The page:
The North Shattuck Association announced Sept. 27 that it will no longer promote or associate with the area’s well-known name, “Gourmet Ghetto.”
According to a statement prepared by Heather Hensley, North Shattuck Association executive director, the area will remove the name from its marketing and district identity banners. This decision came after Nicholas Cho, co-founder of Wrecking Ball Coffee Roasters, submitted an official request Sept. 12 asking that the name be changed.
Cho said he had mixed feelings about the decision, given that some people from the community have vocalized their disapproval of the name change. Cho said, however, community members he spoke to before officially submitting the request agreed that “Gourmet Ghetto” should no longer represent the area’s businesses and restaurants.
“That word ‘ghetto’ … it’s been a word with negative connotations to describe Black culture,” Cho said. “Like ‘that’s so ghetto’ has been a thing for a while. It’s at least casual racism. At worst, it’s overt racism.”
Business owners in the area have expressed mixed feelings on the change. Some believe that the change is unnecessary and others are ambivalent.
Cathy Goldsmith, a worker and owner of The Cheese Board Collective, said the name was intended to be humorous. She said Cheese Board has been around for 50 years, and during the time the area was nicknamed the “Gourmet Ghetto,” the name was not a loaded term.
Lisa Tana, owner of A Priori, said she disagrees with the name change. Tana believes the name “Gourmet Ghetto” has been taken out of context as time has passed, and the name has lost some of its intended humor.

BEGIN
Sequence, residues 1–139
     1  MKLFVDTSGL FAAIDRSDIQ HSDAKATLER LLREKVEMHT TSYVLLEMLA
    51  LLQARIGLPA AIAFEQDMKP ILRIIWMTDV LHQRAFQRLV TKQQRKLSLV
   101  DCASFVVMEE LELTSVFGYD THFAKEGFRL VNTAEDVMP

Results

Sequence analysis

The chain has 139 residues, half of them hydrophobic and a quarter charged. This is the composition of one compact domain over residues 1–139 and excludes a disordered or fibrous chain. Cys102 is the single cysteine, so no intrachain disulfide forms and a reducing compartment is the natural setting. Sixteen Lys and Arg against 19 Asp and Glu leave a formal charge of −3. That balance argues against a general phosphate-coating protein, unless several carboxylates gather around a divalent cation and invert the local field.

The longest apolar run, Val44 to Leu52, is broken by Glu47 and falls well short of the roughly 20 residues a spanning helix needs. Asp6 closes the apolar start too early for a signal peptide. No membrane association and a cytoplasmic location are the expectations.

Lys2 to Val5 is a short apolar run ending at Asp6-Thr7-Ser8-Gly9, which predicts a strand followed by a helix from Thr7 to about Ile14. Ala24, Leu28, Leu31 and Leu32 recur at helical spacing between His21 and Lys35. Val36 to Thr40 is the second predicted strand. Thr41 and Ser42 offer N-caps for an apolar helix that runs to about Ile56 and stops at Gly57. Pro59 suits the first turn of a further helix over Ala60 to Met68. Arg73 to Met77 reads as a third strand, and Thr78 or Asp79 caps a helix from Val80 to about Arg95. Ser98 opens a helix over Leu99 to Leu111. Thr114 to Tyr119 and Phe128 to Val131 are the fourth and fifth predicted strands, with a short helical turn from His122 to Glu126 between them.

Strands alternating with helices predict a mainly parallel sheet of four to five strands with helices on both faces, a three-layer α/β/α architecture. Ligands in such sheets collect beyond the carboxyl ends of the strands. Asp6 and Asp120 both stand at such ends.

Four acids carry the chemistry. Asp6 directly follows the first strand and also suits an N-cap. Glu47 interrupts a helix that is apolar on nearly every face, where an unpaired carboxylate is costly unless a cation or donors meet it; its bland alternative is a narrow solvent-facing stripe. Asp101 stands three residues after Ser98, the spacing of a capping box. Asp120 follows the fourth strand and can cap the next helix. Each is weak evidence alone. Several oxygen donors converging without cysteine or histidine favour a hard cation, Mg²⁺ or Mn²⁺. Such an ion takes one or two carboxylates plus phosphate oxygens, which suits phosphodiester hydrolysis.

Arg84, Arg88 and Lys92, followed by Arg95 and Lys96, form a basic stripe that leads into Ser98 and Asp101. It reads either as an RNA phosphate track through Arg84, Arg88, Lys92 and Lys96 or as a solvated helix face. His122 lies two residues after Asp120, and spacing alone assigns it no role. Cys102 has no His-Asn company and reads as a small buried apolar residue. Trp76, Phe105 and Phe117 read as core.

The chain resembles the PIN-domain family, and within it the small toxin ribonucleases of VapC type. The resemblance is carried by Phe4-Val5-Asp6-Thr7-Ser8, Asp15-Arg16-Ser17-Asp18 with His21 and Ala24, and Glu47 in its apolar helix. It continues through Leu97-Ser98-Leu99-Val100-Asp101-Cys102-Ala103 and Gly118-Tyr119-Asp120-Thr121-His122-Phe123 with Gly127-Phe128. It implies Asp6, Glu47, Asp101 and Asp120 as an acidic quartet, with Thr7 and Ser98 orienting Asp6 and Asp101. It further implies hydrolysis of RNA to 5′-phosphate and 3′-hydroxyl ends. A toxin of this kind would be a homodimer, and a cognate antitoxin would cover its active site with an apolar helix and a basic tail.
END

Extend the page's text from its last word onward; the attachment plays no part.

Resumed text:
“I’m Jewish,” Tana said. “I have a clear understanding of the historical meaning of ‘ghetto.’ My boyfriend is African American, and we don’t think there is a negative connotation of the name.”
While Goldsmith said this conversation was needed and that this was an interesting discussion, Tana said she believes that this request was not conducive to a conversation.
Tana also expressed her hesitancy to believe that the name change is coming from a place of true intention for inclusion and racial sensitivity. Tana said she believes that the community needs to collaborate to attack more salient issues, such as public school funding and community outreach.
“We are trying to address issues of diversity, inclusion and affordability, but is changing the name the main thing?” Tana asked. “That’s where Berkeley gets itself into trouble. It’s more about words than about actions.”
The North Shattuck Association stated that it hopes this change will start an organic evolution toward a new nickname. Until a name is agreed upon, the association will change its domain name back to northshattuck.org and its social media handles to @noshaberkeley.
Cho said while he didn’t intend to start this conversation to swing favor toward another specific name, he saw the most enthusiasm online for the name “the Nosh,” which is an abbreviation for North Shattuck. According to Cho, “nosh” is a Yiddish word, and in his eyes, this preserves the origins of the word “ghetto.”
While the name “Gourmet Ghetto” will be removed from the area, Tana and Goldsmith believe that the official name change won’t stop most people from referring to the area by the old name.
“(Gourmet Ghetto) was reflective of what people were calling the neighborhood,” Goldsmith said. “There’s no way you can stop people from calling it that — language is a living thing.”